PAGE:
Republicans and Democrats alike agree that Colorado is a toss-up in this election. Like other battleground states, a slight Obama polling edge before October here has been transformed into a deadlock. That's because independent suburban women--the key demographic in this closely divided state--are taking a second look at Romney. Some analysts see an enthusiasm gap between Obama's supporters and his rival's. And the president's attacks on Romney's wealth may resonate less here than in blue-collar Midwestern battlegrounds like Ohio."He should be doing better and he isn't," said independent pollster Floyd Ciruli, a former chairman of the state Democratic Party. "It's the worst (swing) state of the bunch for him; isn't that amazing? It's the place we thought he could use as a model."Though the state has only voted for a Democratic presidential candidate once since 1968, Obama won it by 9 percentage points in 2008.
Mitt Romney has seized further advantage on economic issues at the core of the 2012 campaign, taking him to 50 percent support among likely voters vs. 47 percent for Barack Obama - Romney's highest vote-preference result of the contest to date. [...]Romney's gains are clear especially in results on the economy. This poll, produced for ABC by Langer Research Associates, finds that likely voters now pick Romney over Obama in trust to handle the economy by 52-43 percent - the first time either candidate has held a clear lead over the other on this central issue.
Indonesia is often cited in the West as the ideal model that emerging Arab democracies should follow. Muslims officially account for more than 85 percent of its 240 million people, making Indonesia not only the country with the largest Muslim population, but also often cited as the largest democracy among Muslim-majority nations. Some would even describe Indonesia as the "largest Muslim democracy," although this is something of a misnomer considering that Indonesia is not an Islamic state (the constitution guarantees freedom of religion) and the Islamists are not anywhere close to ruling the country.Indonesia had its own spring fourteen years ago with the end of three decades of Suharto's authoritarian rule, which had suppressed political Islam. But even with their newfound freedom, the Islamists have been struggling to convince the majority of Muslim voters to support their causes, which range from implementing sharia to making Indonesia an Islamic state.The lion's share of the votes in all three elections (1999, 2004, and 2009) has gone to secular and inclusive parties that campaigned on more popular issues, such as anti-corruption, economic prosperity, justice, and freedom.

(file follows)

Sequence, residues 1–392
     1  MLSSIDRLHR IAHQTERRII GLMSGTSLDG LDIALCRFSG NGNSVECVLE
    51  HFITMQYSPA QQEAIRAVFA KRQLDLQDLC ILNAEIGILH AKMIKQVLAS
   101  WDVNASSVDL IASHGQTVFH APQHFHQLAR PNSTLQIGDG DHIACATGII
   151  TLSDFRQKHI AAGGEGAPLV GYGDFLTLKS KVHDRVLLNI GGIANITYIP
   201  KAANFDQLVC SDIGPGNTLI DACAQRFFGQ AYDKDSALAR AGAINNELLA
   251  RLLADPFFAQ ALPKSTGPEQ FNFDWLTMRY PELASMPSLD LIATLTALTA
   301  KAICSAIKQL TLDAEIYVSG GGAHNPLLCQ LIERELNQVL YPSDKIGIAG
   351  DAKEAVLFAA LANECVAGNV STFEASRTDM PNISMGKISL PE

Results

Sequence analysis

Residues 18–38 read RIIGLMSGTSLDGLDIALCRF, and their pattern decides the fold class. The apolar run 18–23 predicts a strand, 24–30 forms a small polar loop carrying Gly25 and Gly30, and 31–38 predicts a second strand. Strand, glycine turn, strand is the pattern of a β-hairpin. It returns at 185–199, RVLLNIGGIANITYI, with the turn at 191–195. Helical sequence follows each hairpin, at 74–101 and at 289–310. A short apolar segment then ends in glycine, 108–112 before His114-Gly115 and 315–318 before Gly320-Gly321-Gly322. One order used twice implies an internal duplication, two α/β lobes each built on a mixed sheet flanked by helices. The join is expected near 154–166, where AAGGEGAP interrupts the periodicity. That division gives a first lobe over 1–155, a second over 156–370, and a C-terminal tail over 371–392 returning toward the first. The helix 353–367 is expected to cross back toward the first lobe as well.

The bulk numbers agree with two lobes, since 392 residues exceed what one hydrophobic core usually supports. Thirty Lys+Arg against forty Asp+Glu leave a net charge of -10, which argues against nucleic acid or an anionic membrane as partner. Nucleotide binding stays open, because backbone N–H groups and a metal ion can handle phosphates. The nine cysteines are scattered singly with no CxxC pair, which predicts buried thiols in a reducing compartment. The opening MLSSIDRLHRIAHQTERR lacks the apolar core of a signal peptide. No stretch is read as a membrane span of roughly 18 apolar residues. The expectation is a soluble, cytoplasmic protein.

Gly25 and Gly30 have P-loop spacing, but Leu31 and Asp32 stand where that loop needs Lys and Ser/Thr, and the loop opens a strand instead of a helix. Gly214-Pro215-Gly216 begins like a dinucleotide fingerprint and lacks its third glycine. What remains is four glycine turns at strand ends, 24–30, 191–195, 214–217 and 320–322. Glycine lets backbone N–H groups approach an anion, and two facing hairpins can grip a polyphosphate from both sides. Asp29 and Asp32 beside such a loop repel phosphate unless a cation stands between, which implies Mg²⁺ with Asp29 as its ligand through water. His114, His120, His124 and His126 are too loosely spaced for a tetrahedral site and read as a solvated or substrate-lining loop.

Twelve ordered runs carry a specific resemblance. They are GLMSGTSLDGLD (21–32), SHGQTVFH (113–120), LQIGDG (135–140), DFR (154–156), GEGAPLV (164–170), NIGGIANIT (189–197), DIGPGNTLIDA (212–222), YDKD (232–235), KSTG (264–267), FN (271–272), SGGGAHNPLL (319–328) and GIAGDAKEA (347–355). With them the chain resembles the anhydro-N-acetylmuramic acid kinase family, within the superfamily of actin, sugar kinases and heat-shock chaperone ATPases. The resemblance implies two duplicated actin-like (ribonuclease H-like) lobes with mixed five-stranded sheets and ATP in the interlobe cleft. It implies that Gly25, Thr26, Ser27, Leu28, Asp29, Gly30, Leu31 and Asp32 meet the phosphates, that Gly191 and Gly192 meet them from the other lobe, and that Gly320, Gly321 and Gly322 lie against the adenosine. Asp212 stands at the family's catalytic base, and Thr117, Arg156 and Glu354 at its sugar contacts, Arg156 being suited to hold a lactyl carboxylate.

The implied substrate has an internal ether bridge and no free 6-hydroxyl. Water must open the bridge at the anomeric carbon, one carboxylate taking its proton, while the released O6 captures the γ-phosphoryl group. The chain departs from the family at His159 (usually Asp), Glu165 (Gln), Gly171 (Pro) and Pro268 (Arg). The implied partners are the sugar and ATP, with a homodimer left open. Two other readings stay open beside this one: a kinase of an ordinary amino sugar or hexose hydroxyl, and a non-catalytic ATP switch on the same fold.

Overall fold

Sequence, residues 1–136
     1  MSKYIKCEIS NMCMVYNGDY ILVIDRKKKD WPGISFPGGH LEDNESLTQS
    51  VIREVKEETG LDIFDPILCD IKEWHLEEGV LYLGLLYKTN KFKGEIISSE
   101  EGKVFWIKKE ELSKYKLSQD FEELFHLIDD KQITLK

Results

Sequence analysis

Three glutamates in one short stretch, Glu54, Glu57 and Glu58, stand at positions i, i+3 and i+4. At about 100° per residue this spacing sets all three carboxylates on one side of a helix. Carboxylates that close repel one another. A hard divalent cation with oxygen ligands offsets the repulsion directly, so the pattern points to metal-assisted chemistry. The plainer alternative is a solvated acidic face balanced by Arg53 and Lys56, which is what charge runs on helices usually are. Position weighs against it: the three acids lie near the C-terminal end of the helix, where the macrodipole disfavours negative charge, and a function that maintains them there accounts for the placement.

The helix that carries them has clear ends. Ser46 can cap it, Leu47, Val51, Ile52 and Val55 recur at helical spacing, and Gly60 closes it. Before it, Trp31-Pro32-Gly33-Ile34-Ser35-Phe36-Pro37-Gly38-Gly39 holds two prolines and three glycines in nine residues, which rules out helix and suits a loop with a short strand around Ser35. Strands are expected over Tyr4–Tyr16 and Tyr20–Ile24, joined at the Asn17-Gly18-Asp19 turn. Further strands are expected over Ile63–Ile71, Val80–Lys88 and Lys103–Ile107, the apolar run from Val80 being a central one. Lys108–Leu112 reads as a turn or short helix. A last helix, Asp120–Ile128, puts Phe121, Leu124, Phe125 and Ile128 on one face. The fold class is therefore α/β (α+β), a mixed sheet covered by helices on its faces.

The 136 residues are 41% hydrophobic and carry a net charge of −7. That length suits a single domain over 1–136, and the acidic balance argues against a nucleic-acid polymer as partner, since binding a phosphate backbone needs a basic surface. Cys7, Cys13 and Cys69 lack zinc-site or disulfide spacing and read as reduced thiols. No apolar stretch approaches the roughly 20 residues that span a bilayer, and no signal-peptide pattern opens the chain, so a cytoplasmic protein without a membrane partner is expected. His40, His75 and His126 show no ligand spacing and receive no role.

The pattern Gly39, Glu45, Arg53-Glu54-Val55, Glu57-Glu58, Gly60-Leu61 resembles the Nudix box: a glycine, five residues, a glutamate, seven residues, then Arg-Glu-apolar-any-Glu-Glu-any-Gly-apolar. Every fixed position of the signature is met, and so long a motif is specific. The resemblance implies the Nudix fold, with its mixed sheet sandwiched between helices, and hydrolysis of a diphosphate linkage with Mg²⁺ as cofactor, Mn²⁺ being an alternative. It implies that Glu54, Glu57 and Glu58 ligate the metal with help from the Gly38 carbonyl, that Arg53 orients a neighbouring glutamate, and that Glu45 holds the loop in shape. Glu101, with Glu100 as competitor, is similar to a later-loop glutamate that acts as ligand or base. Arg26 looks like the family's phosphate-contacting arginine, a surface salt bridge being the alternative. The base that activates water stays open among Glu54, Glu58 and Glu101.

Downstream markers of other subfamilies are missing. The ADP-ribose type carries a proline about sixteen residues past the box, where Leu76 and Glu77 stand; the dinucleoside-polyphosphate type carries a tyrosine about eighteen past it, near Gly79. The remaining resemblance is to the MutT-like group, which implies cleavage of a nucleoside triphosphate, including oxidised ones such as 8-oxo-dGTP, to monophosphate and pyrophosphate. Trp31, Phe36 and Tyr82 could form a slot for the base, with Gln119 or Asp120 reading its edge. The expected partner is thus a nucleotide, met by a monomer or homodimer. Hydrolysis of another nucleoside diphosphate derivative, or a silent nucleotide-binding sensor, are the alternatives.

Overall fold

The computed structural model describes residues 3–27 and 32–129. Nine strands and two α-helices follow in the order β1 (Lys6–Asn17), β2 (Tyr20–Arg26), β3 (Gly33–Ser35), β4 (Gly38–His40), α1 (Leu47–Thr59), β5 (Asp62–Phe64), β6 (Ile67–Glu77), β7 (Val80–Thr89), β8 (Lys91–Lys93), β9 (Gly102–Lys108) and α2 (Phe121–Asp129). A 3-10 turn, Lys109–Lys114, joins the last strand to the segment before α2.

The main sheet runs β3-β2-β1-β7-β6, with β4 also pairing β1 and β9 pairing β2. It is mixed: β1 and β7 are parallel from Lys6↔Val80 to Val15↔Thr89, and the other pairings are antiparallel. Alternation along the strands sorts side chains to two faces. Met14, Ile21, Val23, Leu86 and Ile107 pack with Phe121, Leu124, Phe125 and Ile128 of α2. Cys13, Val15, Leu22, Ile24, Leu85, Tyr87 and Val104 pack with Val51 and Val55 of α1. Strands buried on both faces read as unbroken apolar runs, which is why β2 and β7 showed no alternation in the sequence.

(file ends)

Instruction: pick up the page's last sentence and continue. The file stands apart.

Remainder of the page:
Let's get one thing straight from the start. I am not defending Richard Mourdock's position on abortion, including his opposition to a rape exception. So take that twitchy finger off the "send" button. However, I do want to examine some of the outrage surrounding the latest comments of a Republican politician regarding abortion and rape. [...][I]f Mourdock believes that God creates all life and that to end a life created by God is murder, then all abortion is murder, regardless of the circumstances in which a pregnancy came about.Take a look again at Mourdock's words: "I came to realize that life is that gift from God. And...even when life begins in that horrible situation of rape, that it is something that God intended to happen." The key word here is "it." I think it's pretty clear that Mourdock is referring to a life that is conceived by a rape. He is not arguing that rape is the something that God intended to happen.This is a fairly common theological belief, the understanding of God as an active, interventionist. It's also not limited to conservative Christians. There are liberal Christians who also argue that things work out the way they're supposed to. Some of them are in my own family, and I think they're wrong. But it is one way of grappling with the problem of theodicy, trying to understand why God would allow bad things to happen.
Palestinians should be denied the right to vote if Israel annexes the West Bank and should be required to live separately - in effect creating apartheid-style state - according to a poll published in Haaretz, the leading Israeli newspaper.
With less than two weeks to go until the elections, the presidential race continues to revert to the norm, a development that can only worry the president and his top strategists.States that historically have been competitive in presidential elections or tilted to the GOP are moving in that direction, even though just a month ago they were favoring Barack Obama. [...]After spending the summer defining and discrediting Romney in key states and nationally, the Obama campaign now finds itself facing an opponent who, in just 90 minutes, erased much of the image that David Axelrod and David Plouffe created in a series of negative ads over the summer.Romney's new image and positioning in the race -- moderate, reasonable and focused on problem-solving -- make him a far more acceptable alternative than he once was, and that has made it easier for voters to focus their attention during the final month of the campaign on the president and his record, which remains mixed.